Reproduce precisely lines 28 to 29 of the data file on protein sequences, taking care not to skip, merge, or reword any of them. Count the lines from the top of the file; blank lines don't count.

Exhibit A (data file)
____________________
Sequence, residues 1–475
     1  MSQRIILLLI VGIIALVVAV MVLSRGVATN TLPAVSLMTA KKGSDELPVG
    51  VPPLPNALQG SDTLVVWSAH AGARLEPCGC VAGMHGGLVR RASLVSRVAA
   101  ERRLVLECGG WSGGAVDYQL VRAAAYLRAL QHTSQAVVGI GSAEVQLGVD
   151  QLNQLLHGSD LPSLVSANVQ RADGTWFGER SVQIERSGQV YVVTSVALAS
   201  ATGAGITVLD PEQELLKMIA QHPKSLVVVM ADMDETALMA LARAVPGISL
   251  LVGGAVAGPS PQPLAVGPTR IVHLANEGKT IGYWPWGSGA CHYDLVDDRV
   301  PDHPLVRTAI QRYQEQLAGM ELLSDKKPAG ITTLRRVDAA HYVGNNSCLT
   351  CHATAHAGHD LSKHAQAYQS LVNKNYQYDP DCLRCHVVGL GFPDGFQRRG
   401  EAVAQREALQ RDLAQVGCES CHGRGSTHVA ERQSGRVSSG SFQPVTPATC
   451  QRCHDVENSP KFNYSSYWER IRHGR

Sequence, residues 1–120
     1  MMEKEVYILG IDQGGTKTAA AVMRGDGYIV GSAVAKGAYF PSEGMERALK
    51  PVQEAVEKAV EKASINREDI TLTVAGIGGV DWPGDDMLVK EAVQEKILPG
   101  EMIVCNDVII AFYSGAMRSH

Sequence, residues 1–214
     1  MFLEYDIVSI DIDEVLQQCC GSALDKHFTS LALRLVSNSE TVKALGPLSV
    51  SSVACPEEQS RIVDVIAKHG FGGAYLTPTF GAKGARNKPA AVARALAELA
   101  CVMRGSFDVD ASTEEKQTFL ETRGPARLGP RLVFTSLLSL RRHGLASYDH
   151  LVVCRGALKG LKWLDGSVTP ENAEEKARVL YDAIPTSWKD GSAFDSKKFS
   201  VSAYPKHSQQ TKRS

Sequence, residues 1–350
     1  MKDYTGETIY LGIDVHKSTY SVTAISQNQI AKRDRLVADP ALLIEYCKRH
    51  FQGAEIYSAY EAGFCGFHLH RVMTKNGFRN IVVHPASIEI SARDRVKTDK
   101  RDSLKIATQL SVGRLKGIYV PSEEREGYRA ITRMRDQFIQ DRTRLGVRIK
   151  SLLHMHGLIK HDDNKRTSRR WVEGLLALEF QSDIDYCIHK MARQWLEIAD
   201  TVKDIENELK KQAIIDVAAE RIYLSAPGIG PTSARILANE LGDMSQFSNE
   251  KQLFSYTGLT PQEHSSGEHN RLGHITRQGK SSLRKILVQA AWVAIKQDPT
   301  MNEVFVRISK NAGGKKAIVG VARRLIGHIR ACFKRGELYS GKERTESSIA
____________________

   251  KQLFSYTGLT PQEHSSGEHN RLGHITRQGK SSLRKILVQA AWVAIKQDPT
   301  MNEVFVRISK NAGGKKAIVG VARRLIGHIR ACFKRGELYS GKERTESSIA